Itzchak Tarkay was born in 1935 in Subotica on the Yugoslav Hungarian border. When he was only nine years old, the Nazis sent Tarkay to Mathausen concentration camp. After the war, he returned home and developed an interest in art. While still at school in Subotica, he won a prize for excellence in painting.
Tarkay’s family emigrated from Israel. In 1951, Tarkay received a scholarship to the Bezalel Art Academy in Jerusalem, where he studied for a year before having to leave due to difficult financial circumstances at home. In order to continue his scholarship, he was allowed to study under the artist Schwartzman until his mobilization to the Israeli army. After returning to the familiar environment of Tel Aviv, Tarkay enrolled in the Avni Institute of Art, which he graduated in 1956.
Itzchak Tarkay is a refreshing anomaly in today's art world, and perhaps it can even be said that his work, which seems to stand outside of the mainstream, nonetheless anticipates the direction of art in the near future. In a world so preoccupied with being politically correct, with dealing with social issues, with making art that is anything but painting, Tarkay holds onto timeless, universal values--to values that have staying power and do not simply ride the tide of fashion. In contrast to the work of so many of his contemporaries, it will be impossible to look back on his work in the twenty-first century and. describe it as dated.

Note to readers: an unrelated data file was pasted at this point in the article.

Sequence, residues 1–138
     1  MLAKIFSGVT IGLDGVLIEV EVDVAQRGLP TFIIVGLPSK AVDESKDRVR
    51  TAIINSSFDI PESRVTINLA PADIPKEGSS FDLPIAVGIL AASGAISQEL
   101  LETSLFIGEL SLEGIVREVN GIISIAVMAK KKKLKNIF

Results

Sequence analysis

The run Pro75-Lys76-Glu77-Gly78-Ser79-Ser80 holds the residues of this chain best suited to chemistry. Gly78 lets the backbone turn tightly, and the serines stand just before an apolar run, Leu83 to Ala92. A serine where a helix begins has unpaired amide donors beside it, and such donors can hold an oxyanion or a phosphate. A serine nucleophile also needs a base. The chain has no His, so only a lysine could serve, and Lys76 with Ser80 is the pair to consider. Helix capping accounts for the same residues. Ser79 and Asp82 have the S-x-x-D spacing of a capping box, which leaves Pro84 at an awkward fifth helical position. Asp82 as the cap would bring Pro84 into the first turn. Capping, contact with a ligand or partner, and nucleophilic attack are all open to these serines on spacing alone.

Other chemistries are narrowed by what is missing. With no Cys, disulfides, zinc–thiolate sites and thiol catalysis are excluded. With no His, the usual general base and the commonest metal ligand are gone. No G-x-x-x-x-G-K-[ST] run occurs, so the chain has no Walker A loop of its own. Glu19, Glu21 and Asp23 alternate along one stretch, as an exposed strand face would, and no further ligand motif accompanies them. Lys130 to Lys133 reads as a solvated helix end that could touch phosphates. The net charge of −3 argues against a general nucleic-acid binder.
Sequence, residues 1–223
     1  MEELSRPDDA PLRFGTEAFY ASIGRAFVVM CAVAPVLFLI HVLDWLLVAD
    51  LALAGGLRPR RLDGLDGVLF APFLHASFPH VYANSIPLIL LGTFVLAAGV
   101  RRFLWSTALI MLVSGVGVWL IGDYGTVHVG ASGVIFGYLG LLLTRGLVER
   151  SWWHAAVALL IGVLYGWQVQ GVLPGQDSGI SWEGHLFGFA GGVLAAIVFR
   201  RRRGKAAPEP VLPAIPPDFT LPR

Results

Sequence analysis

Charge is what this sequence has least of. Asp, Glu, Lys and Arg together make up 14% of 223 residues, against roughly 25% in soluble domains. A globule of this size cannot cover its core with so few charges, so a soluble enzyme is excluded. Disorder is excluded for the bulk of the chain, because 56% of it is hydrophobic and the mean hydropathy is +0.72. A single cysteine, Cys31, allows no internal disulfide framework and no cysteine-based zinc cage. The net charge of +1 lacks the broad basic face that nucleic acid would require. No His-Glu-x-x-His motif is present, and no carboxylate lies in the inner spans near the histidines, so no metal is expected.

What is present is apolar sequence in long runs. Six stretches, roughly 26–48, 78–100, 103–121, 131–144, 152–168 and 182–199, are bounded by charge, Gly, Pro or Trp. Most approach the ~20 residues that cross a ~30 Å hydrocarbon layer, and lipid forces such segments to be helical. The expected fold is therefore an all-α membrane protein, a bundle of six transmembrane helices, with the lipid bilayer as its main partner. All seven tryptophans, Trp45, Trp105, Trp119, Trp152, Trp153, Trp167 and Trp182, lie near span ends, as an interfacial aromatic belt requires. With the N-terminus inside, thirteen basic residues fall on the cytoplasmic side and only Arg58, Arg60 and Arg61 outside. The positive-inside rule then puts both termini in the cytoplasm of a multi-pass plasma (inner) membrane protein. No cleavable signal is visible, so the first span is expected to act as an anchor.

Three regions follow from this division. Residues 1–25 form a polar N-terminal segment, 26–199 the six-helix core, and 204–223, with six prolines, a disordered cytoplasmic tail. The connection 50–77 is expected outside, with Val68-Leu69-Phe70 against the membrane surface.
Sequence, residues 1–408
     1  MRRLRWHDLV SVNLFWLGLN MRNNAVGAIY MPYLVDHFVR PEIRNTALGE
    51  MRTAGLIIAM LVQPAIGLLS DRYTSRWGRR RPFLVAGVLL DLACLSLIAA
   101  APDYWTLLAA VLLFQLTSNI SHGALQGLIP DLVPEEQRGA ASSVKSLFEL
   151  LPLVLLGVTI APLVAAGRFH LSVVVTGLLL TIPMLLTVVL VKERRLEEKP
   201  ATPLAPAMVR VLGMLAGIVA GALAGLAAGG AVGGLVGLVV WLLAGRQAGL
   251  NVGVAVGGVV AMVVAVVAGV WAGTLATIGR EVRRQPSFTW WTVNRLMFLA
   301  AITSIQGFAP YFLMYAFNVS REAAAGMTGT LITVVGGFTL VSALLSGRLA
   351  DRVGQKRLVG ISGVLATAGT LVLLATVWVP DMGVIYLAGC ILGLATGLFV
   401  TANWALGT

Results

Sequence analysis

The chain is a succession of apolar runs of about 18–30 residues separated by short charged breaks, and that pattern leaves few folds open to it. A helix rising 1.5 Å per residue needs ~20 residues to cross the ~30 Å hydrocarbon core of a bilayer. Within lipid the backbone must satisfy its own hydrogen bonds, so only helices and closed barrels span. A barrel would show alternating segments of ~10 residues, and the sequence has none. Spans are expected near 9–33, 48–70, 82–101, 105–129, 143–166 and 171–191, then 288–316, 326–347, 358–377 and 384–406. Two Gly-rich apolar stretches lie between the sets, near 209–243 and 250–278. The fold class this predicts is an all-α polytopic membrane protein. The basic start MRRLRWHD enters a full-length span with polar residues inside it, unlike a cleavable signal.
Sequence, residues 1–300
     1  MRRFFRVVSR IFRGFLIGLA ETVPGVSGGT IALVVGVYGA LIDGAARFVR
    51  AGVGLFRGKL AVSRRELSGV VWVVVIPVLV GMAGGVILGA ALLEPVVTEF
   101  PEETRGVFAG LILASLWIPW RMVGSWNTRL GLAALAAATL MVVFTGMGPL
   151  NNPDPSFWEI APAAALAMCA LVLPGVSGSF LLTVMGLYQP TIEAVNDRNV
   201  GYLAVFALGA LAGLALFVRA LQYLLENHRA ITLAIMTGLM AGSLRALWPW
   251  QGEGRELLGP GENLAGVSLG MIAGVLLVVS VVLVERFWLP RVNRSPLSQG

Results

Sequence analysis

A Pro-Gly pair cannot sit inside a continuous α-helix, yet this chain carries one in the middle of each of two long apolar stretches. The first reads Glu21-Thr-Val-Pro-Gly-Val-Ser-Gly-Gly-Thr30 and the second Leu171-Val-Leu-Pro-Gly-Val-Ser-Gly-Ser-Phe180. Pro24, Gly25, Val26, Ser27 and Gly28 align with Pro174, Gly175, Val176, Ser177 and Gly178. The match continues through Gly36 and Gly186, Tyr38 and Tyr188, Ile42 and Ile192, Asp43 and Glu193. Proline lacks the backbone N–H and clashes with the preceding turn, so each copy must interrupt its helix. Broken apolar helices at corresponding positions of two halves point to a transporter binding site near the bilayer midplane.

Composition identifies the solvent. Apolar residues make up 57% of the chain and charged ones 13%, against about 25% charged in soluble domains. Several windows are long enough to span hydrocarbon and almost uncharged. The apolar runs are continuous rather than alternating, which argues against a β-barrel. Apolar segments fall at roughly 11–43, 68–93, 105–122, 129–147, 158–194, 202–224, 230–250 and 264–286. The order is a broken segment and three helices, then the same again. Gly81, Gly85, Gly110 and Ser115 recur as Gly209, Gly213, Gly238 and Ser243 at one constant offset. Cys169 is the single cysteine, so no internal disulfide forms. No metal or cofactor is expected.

Unlike so many artists working today, Tarkay believes in painting, and he believes in beauty. Aesthetics and human psychology are the forces that drive his art, not vogue. He has no need of video, mixed-media installation or site-specific sculpture, all of which are the rage of such art centers as New York, Los Angeles, Toronto, London, Paris, Cologne, or Milan. Instead he makes art "the old-fashioned way" -- applying paint to canvas, or printer's ink to paper. In other words, he makes the art of the future -- the art that artists invariably come back to, the art that lasts and holds up to the test of time. Tarkay has since exhibited extensively both in Israel and abroad, and his works can be found in many public and private collections.